Employer's Guide to Hidden Disabilities

Psychological Disorders

According to Mental Health: A Report of the Surgeon General, mental disorders are “health conditions that are characterized by alterations in thinking, mood, or behavior (or some combination thereof) associated with distress and/or impaired functioning.” About 15 percent of the U.S. adult population use some form of mental health service in any year. Having a psychological disorder does not necessarily mean a person has a disability, yet in many cases the condition is severe enough to be disabling.

The following are descriptions of some of the more prominent psychological disorders and the impact they can have in the workplace, including effects of common medications taken for the conditions. Most of the information in this section can be found on the website of the National Institute of Mental Health (www.nimh.mih.gov).

Depression / Bipolar Disorder / Seasonal Affective Disorder (SAD)

Depression is one of the most common and most serious mental health problems facing people today. This year, more than 19 million American adults (9.5% of the population) will suffer from this disorder. Major depression is manifested by a combination of symptoms that interfere with the ability to work, study, sleep, eat, and enjoy once pleasurable activities.

While the severity and number of symptoms vary from person to person, they can include the following: a persistent sad mood; loss of interest or pleasure in activities that were once enjoyed; significant change in appetite or body weight; difficulty sleeping or oversleeping; physical slowing or agitation; loss of energy; feelings of worthlessness or inappropriate guilt; difficulty thinking or concentrating; and recurrent thoughts of death or suicide.

In the workplace, symptoms of depression often may be recognized by decreased productivity, morale problems, lack of cooperation, safety risks, accidents, absenteeism, frequent statements about being tired all the time, complaints of unexplained aches and pains, and alcohol and drug abuse. Depression can affect your workers' productivity, judgment, ability to work with others, and overall job performance. The inability to concentrate fully or make decisions may lead to costly mistakes or accidents. In addition, it has been shown that depressed individuals have high rates of absenteeism and are more likely to abuse alcohol and drugs, resulting in other problems on and off the job. (NIMH, 2001)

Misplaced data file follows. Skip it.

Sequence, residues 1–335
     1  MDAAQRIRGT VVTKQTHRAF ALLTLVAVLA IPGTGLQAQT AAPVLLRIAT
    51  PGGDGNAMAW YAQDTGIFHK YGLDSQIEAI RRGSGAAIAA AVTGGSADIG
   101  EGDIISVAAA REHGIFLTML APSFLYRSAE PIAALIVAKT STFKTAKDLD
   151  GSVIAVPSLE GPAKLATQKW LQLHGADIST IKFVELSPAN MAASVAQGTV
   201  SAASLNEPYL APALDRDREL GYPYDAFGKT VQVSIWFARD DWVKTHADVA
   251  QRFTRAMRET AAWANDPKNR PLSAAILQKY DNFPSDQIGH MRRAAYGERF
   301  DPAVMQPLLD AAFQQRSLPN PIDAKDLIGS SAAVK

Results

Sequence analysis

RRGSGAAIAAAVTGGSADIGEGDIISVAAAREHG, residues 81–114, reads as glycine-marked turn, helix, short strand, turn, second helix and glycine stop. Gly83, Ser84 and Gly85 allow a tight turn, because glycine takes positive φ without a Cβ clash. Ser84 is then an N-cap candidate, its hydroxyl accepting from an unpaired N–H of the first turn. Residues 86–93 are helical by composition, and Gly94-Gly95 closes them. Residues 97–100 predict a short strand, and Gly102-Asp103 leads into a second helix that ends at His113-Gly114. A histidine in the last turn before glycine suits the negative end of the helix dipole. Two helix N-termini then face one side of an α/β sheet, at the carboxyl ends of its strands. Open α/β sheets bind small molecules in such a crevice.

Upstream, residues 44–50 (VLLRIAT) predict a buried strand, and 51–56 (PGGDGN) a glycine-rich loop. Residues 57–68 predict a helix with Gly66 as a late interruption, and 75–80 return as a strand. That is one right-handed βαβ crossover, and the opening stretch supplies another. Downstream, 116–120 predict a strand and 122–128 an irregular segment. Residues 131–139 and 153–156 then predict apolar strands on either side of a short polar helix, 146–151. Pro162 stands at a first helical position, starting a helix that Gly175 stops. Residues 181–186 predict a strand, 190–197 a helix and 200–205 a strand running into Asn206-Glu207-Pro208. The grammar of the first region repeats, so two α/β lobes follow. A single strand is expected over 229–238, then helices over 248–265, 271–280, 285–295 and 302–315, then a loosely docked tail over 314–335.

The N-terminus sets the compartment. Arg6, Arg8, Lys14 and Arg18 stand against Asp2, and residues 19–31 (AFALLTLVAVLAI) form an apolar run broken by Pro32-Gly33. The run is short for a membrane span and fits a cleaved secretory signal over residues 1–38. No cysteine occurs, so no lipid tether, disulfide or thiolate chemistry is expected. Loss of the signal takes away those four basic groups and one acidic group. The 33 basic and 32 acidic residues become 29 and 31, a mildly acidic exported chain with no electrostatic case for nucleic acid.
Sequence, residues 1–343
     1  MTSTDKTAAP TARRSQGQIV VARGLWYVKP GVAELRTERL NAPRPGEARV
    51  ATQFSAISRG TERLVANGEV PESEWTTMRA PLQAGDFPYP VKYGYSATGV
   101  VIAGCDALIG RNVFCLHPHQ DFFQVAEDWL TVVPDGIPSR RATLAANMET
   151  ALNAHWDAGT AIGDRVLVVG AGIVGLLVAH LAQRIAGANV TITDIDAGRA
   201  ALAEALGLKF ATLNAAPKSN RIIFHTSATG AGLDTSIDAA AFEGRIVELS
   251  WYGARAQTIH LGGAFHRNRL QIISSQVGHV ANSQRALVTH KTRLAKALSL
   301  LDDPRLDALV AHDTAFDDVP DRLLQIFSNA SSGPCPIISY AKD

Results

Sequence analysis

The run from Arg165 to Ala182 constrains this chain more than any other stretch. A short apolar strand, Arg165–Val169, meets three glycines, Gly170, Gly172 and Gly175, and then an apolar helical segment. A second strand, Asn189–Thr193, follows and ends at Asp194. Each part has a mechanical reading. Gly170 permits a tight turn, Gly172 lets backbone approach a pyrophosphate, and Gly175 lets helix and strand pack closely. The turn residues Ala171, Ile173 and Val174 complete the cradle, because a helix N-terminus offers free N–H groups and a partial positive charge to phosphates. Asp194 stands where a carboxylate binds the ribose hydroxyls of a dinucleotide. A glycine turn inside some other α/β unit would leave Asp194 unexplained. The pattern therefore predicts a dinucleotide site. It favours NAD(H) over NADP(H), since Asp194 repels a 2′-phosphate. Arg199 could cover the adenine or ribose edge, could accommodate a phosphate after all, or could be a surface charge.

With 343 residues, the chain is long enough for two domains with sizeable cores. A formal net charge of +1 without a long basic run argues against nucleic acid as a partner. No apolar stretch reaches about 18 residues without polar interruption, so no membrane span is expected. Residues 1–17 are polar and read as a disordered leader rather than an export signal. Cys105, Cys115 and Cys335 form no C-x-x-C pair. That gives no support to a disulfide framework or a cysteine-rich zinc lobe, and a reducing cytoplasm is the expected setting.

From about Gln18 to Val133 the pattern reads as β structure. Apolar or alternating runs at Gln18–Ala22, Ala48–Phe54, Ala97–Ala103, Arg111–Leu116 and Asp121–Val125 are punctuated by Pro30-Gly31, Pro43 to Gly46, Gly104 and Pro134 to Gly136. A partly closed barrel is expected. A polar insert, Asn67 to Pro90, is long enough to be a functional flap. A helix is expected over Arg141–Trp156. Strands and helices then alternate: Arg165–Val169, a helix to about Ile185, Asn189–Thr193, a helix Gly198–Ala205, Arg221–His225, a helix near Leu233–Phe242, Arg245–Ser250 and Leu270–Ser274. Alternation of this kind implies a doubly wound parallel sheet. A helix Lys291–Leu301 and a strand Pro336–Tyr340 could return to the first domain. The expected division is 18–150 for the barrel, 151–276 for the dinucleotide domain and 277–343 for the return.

An employee with chronic depression may need to take medication. Although some improvements may be seen in the first few weeks, antidepressant medications must be taken regularly for 3 to 4 weeks (in some cases, as many as 8 weeks) before the full therapeutic effect occurs. Side effects of medication can include dry mouth, constipation, bladder problems, blurred vision, drowsiness, headache, nausea, insomnia (trouble falling asleep or waking often during the night), and agitation (feeling jittery).

Bipolar Disorder, or what was commonly known as manic-depression, involves cyclical periods of severe depression with periods of extremely elevated or irritable mood known as mania. It affects approximately 2.3 million adult Americans—about 1.2 percent of the population. Cycles, or episodes, of depression, mania, or "mixed" manic and depressive symptoms typically recur and may become more frequent, often disrupting work, school, family, and social life.

When in the depressed cycle, an individual can have any or all of the symptoms of a depressive disorder. When in the manic cycle, the individual may be overactive, overtalkative, and have a great deal of energy. Mania often affects thinking, judgment, and social behavior in ways that cause serious problems and embarrassment. Left untreated, mania may worsen to a psychotic state. Psychotic symptoms associated with bipolar typically reflect the extreme mood state at the time. (NIMH, 2001)

A variety of medications are used to treat bipolar disorder, but even with optimal medication treatment, many people with the illness have some residual symptoms. Depending on the medication, side effects may include weight gain, nausea, tremor, reduced sexual drive or performance, anxiety, hair loss, movement problems, or dry mouth.

Seasonal Affective Disorder involves symptoms of depression that occur during the fall and winter seasons when the days are shorter and there is less exposure to natural sunlight. When the spring and summer seasons begin and there is greater exposure to longer hours of daylight, the symptoms of depression disappear.

According to the National Institute for Mental Health, approximately 10 percent of Americans currently suffer from Seasonal Affective Disorder (also known as SAD) and related disorders. SAD sufferers have the following symptoms that occur during the fall/winter months and diminish in the spring: depression, increased appetite, weight gain, inability to concentrate, depressed energy and interest, and excessive sleeping.

Anxiety Disorders